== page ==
Theorem: Let $f$ be continuous on $[a,\,b]$ and assume $f(a)\not=f(b)$. Then for every $\lambda$ such that $f(a)<\lambda<f(b)$, there exists a $c\in(a,\,b)$ such that $f(c)=\lambda$.


Use the Intermediate Value Theorem to prove that the equation $$e^{sin(x)} = 2+cos(x)−sin(x)$$ has at least one positive real solution.


I'm assuming that you only proof that a root of this equation exits, not to give the actual value. However I was able to solve this question graphically and obtained the (multiple) roots: $$x = 2 \pi n+\pi$$
where $n\in\mathbb{Z}$.

How would I use the IVT to answer the original question?

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    $\begingroup$ Let $f(x)=e^{\sin x}-2-\cos x+\sin x$. We have $f(0)=-2<0,f(\frac{\pi}{2})=e-1>0$, so there is a root between 0 and $\frac{\pi}{2}$. $\endgroup$ – almagest May 19 '16 at 11:33
  • $\begingroup$ how do you know to choose $\pi$ and $\pi/2$? $\endgroup$ – UniStuffz May 19 '16 at 11:55
  • $\begingroup$ you start by picking values which are easy to calculate :) $\endgroup$ – almagest May 19 '16 at 12:35

You can't use IVT to verify that those points are solutions. To do that, simply plug them in and observe that they satisfy the equation.

The way IVT is used is to prove that a solution must exist. This is very different than directly finding a solution, as you have done. To use IVT in this problem, first move everything to one side of the equation so that we have $$f(x) = e^{\sin(x)} - 2 - \cos(x) + \sin(x)$$ Now plug in the values $x=\pi/2, 3\pi/2$ and observe that $f(\pi/2) = e - 2 + 1 > 0$, while $f(3\pi/2) = e^{-1} - 2 - 1 < 0$. Therefore, by the IVT, there exists a number $c \in (\pi/2, 3\pi/2)$ such that $f(c) = 0$. The IVT doesn't give us any idea what $c$ is; it just tells us that $c$ exists.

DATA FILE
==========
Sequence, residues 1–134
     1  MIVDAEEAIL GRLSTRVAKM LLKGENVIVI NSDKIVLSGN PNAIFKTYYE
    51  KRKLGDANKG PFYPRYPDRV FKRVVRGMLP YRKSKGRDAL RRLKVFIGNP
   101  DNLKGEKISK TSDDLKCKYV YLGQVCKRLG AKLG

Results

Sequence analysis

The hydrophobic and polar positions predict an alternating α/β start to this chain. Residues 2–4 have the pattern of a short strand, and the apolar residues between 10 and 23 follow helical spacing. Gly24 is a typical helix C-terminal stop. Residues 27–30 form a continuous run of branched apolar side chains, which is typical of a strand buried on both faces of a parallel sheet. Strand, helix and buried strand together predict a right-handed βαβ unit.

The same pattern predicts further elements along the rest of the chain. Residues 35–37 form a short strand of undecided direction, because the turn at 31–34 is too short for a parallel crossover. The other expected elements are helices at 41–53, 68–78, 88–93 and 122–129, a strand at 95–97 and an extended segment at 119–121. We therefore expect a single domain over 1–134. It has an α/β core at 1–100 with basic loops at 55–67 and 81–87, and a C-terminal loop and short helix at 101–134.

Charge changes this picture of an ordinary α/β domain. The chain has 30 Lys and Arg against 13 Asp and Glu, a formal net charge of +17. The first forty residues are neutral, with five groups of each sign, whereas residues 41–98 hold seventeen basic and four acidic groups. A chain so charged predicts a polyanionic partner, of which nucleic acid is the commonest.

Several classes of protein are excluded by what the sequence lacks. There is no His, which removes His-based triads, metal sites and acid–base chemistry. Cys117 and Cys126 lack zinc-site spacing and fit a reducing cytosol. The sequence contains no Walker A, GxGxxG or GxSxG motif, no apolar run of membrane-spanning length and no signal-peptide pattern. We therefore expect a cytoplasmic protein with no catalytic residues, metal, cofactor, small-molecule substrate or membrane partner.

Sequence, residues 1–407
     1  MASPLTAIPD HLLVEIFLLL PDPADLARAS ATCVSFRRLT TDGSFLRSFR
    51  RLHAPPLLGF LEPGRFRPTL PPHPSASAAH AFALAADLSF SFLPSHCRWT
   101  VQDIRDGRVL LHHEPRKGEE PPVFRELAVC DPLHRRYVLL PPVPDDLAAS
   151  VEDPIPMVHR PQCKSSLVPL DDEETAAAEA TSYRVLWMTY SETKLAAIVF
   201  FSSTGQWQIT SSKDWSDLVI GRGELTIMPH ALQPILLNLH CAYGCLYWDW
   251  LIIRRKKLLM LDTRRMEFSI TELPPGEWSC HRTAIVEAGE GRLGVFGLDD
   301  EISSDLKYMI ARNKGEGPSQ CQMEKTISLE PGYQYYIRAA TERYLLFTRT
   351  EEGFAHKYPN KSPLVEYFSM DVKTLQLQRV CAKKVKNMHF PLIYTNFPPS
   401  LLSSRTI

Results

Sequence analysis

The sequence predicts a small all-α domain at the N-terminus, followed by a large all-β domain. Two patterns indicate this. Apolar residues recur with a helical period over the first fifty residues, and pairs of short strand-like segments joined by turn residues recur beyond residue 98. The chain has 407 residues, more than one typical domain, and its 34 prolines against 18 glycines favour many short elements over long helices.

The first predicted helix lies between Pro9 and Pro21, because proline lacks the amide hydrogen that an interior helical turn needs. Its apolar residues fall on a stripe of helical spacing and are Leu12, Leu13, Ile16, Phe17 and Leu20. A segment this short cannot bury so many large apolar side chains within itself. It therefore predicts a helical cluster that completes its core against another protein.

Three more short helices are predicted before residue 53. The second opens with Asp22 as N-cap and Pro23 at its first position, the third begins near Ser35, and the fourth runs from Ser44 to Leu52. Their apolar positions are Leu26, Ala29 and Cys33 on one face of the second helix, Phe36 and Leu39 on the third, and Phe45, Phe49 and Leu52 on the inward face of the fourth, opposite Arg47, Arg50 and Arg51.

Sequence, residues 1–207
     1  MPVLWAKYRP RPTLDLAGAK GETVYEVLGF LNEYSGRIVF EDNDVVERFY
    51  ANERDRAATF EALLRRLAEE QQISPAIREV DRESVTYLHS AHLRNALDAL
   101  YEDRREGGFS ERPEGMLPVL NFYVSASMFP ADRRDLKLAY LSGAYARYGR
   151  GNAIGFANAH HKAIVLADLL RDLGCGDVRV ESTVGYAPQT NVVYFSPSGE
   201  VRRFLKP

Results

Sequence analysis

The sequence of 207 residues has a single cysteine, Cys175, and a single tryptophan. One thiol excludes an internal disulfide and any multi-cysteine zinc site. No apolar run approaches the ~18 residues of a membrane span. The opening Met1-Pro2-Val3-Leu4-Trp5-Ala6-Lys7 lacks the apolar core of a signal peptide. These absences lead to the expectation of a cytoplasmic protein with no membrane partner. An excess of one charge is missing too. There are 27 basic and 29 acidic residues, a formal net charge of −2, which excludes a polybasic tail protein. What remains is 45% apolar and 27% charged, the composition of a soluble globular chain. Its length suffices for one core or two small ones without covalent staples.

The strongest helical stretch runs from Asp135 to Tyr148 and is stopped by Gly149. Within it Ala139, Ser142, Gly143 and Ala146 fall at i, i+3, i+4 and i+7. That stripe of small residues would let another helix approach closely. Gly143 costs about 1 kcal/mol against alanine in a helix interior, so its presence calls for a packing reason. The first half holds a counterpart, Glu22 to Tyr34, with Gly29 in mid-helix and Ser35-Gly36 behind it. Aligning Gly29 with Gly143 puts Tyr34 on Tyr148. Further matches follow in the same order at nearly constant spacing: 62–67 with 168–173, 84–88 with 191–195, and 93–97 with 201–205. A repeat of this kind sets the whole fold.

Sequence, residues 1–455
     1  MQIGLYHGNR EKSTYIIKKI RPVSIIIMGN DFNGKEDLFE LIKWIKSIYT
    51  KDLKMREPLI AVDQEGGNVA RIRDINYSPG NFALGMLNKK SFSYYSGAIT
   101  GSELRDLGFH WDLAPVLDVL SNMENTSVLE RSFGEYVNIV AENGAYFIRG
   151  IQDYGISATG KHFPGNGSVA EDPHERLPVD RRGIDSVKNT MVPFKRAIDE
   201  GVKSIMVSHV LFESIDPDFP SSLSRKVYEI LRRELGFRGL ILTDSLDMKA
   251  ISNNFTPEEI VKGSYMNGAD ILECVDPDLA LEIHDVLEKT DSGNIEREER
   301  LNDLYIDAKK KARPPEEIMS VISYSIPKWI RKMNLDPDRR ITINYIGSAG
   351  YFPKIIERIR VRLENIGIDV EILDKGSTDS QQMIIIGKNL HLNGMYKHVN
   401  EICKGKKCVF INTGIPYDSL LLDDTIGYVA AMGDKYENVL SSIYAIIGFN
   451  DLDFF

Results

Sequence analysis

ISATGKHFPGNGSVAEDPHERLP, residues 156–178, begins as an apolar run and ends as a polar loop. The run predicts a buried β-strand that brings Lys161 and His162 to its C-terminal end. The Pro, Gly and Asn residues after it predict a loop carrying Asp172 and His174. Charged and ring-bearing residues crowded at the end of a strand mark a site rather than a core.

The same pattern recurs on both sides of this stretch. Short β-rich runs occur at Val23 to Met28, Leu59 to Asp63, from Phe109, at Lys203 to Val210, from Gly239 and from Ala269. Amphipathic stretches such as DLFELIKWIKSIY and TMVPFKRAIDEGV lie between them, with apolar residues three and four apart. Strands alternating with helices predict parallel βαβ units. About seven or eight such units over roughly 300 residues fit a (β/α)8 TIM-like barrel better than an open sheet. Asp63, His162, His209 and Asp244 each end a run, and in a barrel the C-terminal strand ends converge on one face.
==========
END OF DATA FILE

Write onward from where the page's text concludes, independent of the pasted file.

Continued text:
Actually, your solution is much better than using IVT, because it is obviously more useful to know what some of the solutions are, rather than simply knowing that the solutions exist.

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  • $\begingroup$ I've edited my question so that it makes more sense, I want to know how to use the IVT to show that a root exist. Is your method still correct, why do we take x to be numerical values? $\endgroup$ – UniStuffz May 19 '16 at 11:54
  • $\begingroup$ @UniStuffz Yes, what I've written here is still correct. I used the IVT to show that there is a solution in the domain $(\pi/2, 3\pi/2)$, so in particular there is a positive solution. $\endgroup$ – Alex G. May 19 '16 at 12:22

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